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Lawson v. AT&T Mobility Services LLC

United States District Court, W.D. Louisiana, Lafayette Division

August 9, 2019

LUCIANA F LAWSON
v.
AT&T MOBILITY SERVICES LLC

          WHITEHURST MAGISTRATE JUDGE

          MEMORANDUM RULING

          Robert R. Summerhays, Judge

         Before the Court in this employment discrimination suit is a motion for summary judgment filed by Defendant AT&T Mobility Services LLC ("AT&T") [Doc. No. 36]. Pursuant to its motion, AT&T seeks dismissal of Plaintiff Luciana Lawson's claim of race discrimination. For the reasons that follow, the motion is GRANTED.

         I.

         Background Luciana Lawson ("Plaintiff) is a former employee of AT&T, who brought this suit in the 16th Judicial District Court, alleging that AT&T discriminated against her on the basis of race when it terminated her employment. Plaintiffs petition alleged that she had filed a charge of discrimination with the Equal Employment Opportunity Commission and had exhausted her administrative requirements for filing a suit, presumably for an alleged violation of Title VII of the Civil Rights Act of 1964, 42 U.S.C. § 2000(e) et seq. In her petition, Plaintiff alleged that AT&T's actions were in violation of the "Louisiana Employment Discrimination Law as amended by Act 1409 [La. R.S. 23:301 et seq.] and all other applicable statutes." AT&T then filed a Notice of Removal on December 14, 2016, removing the case to this Court.

         Plaintiff Luciana Lawson is an African-American woman who worked for AT&T as a retail sales consultant in its New Iberia, Louisiana store.[1] As part of her job, she handled cash transactions with AT&T customers.[2] On September 22, 2015 Raphael Turner, an Assistant Store Manager in the New Iberia store, reported that there was a cash register shortage of $417.25 from September 3, 2015.[3] AT&T Asset Protection manager Joe Mato investigated the register shortage, reviewing surveillance video and cash register records. Mr. Mato matched a receipt for a $416.99 cash transaction handled by Ms. Lawson with the corresponding store surveillance video, which showed Ms. Lawson opening the cash drawer, removing something from it, and closing the drawer without placing any cash in the drawer.[4] Mr, Mato interviewed Ms. Lawson on October 20, 2015 and showed Ms. Lawson the video corresponding to the $416.99 cash transaction. Ms. Lawson had no explanation for why she did not place any cash in the drawer.[5] Plaintiff denied stealing any money.[6] Ms. Lawson reported to store manager Marcia Bonnet, who is African-American.[7] Ms. Bonnet reported to area retail sales manager David Reed, who is African-American.[8] Mr. Reed reported to Robert Sellman, who is also African-American.[9] Mr. Sellman reviewed the report of investigation prepared by Mr. Mato, as well as the video tape that Mr. Mato had showed Ms. Lawson during her interview on October 20, 2015. Mr. Sellman concluded that Ms. Lawson had stolen cash, and after receiving concurrence from Sonny Jasso in AT&T's Human Resources department, made the decision to terminate Ms. Lawson's employment.[10]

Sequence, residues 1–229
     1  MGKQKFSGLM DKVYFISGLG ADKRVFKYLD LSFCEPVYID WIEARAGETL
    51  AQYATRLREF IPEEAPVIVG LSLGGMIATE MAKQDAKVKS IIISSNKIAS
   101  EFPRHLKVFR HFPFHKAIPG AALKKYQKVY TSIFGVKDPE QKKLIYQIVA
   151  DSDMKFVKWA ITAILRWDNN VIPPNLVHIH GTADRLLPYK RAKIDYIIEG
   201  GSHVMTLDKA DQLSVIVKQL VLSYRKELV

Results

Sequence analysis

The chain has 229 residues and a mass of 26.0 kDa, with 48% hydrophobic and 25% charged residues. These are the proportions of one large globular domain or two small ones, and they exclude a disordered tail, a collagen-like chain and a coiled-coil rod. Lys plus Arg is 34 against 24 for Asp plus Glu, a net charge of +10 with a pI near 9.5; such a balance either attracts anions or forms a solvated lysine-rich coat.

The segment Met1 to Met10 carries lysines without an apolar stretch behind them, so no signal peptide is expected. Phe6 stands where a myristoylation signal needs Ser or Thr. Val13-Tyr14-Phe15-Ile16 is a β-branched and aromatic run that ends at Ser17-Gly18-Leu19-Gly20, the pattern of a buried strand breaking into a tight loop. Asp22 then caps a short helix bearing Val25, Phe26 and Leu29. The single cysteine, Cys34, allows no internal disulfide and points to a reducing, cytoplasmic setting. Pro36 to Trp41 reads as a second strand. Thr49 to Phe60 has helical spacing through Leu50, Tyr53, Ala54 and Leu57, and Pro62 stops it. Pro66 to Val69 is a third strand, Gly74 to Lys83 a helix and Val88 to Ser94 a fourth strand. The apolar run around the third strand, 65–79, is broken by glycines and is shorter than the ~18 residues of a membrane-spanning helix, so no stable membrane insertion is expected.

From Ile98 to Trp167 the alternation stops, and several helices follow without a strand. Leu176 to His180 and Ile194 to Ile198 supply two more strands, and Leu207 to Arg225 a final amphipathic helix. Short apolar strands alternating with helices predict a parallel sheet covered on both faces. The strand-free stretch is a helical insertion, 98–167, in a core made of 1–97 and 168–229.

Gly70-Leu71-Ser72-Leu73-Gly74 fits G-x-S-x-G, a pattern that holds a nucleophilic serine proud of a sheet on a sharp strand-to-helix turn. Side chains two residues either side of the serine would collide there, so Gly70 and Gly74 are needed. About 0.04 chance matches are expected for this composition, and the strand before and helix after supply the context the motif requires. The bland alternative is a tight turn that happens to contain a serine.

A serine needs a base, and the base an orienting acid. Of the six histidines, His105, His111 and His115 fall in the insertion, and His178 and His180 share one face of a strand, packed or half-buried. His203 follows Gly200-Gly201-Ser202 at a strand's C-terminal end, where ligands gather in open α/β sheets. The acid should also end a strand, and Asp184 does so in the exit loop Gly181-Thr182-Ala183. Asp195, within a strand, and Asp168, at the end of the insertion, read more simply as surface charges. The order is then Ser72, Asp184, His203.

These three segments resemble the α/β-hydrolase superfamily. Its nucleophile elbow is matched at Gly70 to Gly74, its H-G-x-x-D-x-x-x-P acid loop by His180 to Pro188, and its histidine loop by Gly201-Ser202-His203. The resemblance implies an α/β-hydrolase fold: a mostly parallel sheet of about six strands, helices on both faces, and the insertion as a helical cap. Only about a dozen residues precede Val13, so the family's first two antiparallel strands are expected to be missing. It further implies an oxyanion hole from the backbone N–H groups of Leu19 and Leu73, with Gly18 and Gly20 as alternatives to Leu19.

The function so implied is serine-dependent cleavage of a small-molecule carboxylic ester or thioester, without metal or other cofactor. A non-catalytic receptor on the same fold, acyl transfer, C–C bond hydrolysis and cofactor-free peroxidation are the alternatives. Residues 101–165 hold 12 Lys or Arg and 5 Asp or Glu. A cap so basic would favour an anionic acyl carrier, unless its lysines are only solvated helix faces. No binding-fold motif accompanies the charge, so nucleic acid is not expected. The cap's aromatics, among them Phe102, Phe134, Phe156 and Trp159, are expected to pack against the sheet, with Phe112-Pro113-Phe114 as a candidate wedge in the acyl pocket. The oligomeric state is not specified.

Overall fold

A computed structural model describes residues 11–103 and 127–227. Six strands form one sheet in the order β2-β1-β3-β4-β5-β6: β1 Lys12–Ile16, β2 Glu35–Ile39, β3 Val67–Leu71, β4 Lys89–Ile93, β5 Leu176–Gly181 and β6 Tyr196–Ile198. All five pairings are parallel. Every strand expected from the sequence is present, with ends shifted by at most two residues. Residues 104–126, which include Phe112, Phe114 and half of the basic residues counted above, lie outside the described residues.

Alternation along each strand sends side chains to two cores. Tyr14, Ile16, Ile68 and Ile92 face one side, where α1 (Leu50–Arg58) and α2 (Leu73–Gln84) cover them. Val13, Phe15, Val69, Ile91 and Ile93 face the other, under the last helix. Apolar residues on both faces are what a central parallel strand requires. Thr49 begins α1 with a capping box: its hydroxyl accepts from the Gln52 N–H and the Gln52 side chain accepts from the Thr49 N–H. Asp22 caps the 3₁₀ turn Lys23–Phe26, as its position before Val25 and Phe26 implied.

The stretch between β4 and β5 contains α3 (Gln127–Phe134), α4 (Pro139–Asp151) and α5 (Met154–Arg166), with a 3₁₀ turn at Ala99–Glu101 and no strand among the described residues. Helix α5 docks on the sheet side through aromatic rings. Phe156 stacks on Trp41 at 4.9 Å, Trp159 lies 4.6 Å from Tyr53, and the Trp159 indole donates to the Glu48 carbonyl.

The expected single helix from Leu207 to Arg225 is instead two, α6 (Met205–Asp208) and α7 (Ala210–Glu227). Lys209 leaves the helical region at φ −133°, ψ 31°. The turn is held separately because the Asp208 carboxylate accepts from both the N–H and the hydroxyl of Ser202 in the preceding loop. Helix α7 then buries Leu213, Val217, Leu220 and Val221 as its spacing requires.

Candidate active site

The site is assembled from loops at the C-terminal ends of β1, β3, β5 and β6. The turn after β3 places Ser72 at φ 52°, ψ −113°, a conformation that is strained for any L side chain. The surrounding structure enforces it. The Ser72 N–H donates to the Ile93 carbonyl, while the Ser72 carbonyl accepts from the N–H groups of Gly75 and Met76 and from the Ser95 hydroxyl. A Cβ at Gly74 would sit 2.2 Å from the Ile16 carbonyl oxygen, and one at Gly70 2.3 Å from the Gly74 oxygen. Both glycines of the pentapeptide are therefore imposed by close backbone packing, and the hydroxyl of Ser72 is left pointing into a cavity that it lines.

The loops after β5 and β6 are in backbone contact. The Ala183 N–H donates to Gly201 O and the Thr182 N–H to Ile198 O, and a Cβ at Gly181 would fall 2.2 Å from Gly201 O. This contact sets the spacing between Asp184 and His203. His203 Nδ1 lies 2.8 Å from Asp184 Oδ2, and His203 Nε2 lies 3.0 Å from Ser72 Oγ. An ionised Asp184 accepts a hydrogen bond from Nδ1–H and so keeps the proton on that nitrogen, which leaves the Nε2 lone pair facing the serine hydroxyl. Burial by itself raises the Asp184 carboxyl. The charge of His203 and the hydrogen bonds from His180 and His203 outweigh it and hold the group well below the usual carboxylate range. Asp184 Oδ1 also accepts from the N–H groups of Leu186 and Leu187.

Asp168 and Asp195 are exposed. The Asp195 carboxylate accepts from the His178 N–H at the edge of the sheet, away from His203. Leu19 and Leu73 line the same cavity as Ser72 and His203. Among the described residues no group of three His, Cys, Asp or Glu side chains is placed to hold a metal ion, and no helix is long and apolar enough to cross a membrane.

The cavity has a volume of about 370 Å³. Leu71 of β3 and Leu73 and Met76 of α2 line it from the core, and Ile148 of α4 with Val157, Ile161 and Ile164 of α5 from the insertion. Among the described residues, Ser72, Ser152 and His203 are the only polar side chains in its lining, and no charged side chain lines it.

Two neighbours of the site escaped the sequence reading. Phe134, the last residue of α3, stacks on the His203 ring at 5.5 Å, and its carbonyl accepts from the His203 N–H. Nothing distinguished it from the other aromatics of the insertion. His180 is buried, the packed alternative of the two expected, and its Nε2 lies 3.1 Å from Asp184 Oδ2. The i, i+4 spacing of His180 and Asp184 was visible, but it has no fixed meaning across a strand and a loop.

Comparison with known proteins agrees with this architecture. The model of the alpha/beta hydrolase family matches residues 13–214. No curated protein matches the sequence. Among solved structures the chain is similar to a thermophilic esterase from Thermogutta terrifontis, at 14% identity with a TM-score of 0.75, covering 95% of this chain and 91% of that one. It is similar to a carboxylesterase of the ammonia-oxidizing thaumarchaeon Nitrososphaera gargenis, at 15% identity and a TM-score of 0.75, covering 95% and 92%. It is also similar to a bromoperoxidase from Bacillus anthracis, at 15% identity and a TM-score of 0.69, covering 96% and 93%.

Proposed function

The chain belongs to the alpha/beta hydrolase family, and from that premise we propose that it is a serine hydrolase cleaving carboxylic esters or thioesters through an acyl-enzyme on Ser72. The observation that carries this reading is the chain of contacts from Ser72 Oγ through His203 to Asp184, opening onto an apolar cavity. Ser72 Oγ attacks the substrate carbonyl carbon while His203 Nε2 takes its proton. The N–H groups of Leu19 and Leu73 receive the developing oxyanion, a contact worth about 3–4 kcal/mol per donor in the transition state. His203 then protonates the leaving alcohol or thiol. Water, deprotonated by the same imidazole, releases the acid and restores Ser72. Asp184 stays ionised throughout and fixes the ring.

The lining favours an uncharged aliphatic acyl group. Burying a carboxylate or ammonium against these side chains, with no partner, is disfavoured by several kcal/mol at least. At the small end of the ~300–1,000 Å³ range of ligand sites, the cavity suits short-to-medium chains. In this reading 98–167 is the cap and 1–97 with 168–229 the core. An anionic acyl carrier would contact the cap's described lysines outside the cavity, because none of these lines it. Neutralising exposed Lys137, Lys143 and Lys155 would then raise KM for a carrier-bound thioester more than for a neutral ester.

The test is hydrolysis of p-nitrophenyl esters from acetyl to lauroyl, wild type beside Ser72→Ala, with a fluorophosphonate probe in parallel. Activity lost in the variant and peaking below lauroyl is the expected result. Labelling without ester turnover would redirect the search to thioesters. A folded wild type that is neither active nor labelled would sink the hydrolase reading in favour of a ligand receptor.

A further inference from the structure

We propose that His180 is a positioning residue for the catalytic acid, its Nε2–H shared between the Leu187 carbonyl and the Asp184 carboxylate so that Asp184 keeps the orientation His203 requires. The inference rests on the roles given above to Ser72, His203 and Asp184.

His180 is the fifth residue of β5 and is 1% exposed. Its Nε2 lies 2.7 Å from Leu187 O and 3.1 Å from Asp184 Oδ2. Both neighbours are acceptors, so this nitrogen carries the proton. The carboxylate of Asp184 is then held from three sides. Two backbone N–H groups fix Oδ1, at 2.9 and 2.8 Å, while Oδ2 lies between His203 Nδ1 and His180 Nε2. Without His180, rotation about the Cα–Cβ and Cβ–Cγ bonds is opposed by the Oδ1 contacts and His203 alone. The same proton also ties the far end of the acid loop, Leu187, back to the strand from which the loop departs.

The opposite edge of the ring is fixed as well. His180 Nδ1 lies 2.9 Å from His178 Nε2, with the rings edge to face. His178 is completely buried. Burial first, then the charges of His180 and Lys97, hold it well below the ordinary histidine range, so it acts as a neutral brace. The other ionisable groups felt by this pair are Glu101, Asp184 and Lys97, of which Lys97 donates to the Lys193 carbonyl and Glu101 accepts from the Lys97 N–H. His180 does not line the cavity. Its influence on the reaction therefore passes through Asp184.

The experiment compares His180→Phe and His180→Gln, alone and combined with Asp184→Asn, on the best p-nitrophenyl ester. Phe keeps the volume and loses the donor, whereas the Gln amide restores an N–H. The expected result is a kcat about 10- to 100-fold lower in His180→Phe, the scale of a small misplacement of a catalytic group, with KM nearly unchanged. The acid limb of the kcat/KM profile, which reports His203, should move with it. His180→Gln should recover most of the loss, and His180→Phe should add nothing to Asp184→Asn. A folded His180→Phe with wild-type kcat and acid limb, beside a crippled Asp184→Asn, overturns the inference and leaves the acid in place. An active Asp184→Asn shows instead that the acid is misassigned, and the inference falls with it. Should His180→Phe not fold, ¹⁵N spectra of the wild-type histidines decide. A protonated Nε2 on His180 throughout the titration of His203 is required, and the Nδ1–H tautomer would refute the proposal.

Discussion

Plaintiff testified that she did not recall any instances which would cause her to conclude that either Ms. Bonnet or Mr. Reed were prejudiced against African-American individuals. She believed that her termination was motivated by race due to the fact that, prior to this incident, two white employees were accused of theft and were only given written warnings, but were not terminated.[11]

         In the spring of 2015, two white employees, Amber Mire and Laney LeBlanc, had been suspected of theft.[12] The two employees had worked together to prepare a cash deposit, which was short by $3, 699. Rick Fernandez, another Asset Protection manager, had investigated that matter and reviewed surveillance video of the two employees preparing the deposit.[13] The surveillance video was inconclusive because there were times when the employees were not in video surveillance camera range.[14] Mr. Sellman also reviewed the surveillance video of Ms. Mire and Ms. LeBlanc and agreed it was inconclusive.[15] As a result, AT&T concluded that it did not have sufficient evidence to charge these two employees with theft.

         At the time of these incidents, Berenice Lewis was the Human Resources manager who provided advice to Mr. Sellman. According to Ms. Lewis, where there was neither video evidence nor eye witnesses of theft, human resources recommends that the matter be treated as a performance issue, which is subject to a lower level of discipline than termination.[16] Where the evidence shows employee theft, the matter is considered a code of business conduct issue, in which case the employee would be terminated.[17]

         II.

         Applicable Law

         A. Summary Judgment Standard

         "A party may move for summary judgment, identifying each claim or defense-or the part of each claim or defense-on which summary judgment is sought," Fed.R.Civ.P. 56(a). "The court shall grant summary judgment if the movant shows that there is no genuine dispute as to any material fact and the movant is entitled to judgment as a matter of law." Id. "A genuine issue of material fact exists when the evidence is such that a reasonable jury could return a verdict for the non-moving party." Quality Infusion Care, Inc. v. Health Care Service Corp., 628 F.3d 725, 728 (5th Cir. 2010). As summarized by the Fifth Circuit:

When seeking summary judgment, the movant bears the initial responsibility of demonstrating the absence of an issue of material fact with respect to those issues on which the movant bears the burden of proof at trial. However, where the nonmovant bears the burden of proof at trial, the movant may merely point to an absence of evidence, thus shifting to the non-movant the burden of demonstrating ...

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